Tuesday, February 21, 2012

REVIEW: LONE WOLF by Jodi Picoult

Fans of Picoult will be blown away by her most recent book LONE WOLF.   I would have to say that this is by far my favorite of her books to date.  It combines two very interesting topics wolves and traumatic brain injury / organ donation.  What would you do for a loved one if they suffered a serious brain injury?  Would you be able to make the right choices when your heart seems to want something different?  What if there was another person wanting the very opposite result you want?  LONE WOLF is a very emotional read.  It discusses trauma, forgiveness, and hope all mixed together.  It is Picoult at her best, pushing the reader to think about what they would do in the same situation.  I am not sure where Picoult comes up with her ideas, but I am so glad she does.  


 Lone Wolf: A Novel


Book Description

Publication Date: February 28, 2012

A life hanging in the balance . . . a family torn apart. The #1 internationally bestselling author Jodi Picoult tells an unforgettable story about family secrets, love, and letting go.


In the wild, when a wolf knows its time is over, when it knows it is of no more use to its pack, it may sometimes choose to slip away. Dying apart from its family, it stays proud and true to its nature. Humans aren’t so lucky.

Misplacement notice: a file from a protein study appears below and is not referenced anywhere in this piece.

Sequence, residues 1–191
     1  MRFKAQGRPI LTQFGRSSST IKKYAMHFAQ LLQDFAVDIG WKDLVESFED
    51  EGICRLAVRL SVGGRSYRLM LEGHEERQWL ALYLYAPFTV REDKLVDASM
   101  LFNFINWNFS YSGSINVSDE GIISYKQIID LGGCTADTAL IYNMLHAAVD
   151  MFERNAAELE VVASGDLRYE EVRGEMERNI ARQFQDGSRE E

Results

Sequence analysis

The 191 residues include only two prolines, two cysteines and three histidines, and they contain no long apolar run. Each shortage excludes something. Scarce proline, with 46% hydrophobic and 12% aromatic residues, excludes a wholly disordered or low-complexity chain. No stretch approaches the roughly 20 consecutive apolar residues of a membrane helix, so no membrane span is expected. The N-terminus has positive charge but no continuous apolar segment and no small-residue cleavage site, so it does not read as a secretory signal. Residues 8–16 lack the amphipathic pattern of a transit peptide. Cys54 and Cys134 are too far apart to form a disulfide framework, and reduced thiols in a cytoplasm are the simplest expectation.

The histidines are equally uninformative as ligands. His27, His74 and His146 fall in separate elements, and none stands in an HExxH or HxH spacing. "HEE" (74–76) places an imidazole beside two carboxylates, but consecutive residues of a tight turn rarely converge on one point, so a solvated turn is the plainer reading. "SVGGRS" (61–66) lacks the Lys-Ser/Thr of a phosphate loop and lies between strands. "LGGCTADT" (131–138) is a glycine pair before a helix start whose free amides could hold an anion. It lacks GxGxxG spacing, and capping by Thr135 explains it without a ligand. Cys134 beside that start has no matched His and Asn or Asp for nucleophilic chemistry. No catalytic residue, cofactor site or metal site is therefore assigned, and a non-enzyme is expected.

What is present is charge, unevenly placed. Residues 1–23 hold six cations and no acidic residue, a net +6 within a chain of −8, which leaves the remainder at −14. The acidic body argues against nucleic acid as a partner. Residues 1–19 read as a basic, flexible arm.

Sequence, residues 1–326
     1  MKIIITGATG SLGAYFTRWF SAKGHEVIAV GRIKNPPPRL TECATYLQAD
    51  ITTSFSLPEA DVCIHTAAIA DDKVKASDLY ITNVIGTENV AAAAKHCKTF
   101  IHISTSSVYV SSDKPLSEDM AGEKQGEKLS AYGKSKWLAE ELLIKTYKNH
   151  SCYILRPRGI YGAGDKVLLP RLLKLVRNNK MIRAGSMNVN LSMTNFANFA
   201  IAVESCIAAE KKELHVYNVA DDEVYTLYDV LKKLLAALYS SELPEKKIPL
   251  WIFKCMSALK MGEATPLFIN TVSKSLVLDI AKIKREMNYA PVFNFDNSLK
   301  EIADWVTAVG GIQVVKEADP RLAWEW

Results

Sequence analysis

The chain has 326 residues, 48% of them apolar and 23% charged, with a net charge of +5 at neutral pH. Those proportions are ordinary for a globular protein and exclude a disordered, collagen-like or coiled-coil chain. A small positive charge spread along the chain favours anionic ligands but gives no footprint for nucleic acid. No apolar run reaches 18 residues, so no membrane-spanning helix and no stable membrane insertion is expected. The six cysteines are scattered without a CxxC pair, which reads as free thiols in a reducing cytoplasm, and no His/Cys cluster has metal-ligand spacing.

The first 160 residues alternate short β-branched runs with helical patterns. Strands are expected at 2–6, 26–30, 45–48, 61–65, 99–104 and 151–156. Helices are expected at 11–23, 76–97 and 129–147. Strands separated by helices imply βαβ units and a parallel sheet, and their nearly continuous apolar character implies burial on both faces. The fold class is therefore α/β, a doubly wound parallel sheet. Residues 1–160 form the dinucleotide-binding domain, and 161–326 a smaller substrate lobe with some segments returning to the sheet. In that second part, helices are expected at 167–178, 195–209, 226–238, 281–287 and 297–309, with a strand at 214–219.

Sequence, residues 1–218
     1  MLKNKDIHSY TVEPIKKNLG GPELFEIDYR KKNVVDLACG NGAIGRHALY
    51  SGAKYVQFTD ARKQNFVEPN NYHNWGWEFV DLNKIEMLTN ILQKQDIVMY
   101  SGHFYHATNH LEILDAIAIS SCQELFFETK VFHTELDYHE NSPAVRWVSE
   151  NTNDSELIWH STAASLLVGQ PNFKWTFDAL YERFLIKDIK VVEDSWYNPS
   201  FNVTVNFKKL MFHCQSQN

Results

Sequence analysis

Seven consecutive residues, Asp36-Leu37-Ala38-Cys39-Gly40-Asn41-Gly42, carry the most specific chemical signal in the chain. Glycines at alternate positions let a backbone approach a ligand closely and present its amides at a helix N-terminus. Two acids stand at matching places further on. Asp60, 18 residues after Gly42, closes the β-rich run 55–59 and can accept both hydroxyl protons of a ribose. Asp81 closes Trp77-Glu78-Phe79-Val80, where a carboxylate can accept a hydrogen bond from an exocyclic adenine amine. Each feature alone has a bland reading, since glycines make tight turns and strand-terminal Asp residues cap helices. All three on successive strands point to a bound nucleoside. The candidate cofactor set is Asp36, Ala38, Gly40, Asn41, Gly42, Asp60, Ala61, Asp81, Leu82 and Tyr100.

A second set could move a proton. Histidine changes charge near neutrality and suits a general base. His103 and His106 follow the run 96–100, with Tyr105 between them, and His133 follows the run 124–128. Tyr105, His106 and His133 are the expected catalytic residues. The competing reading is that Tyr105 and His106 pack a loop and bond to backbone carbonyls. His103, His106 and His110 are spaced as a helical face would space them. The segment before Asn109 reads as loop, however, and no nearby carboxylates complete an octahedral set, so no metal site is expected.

Luke Warren has spent his life researching wolves. He has written about them, studied their habits intensively, and even lived with them for extended periods of time. In many ways, Luke understands wolf dynamics better than those of his own family. His wife, Georgie, has left him, finally giving up on their lonely marriage. His son, Edward, twenty-four, fled six years ago, leaving behind a shattered relationship with his father. Edward understands that some things cannot be fixed, though memories of his domineering father still inflict pain. Then comes a frantic phone call: Luke has been gravely injured in a car accident with Edward’s younger sister, Cara.

Suddenly everything changes: Edward must return home to face the father he walked out on at age eighteen. He and Cara have to decide their father’s fate together. Though there’s no easy answer, questions abound: What secrets have Edward and his sister kept from each other? What hidden motives inform their need to let their father die . . . or to try to keep him alive? What would Luke himself want? How can any family member make such a decision in the face of guilt, pain, or both? And most importantly, to what extent have they all forgotten what a wolf never forgets: that each member of a pack needs the others, and that sometimes survival means sacrifice?

Another tour de force by Picoult, Lone Wolf brilliantly describes the nature of a family: the love, protection, and strength it can offer—and the price we might have to pay for those gifts. What happens when the hope that should sustain a family is the very thing tearing it apart?


NOTE:  This is book 9 for my CLP Reading Challenge

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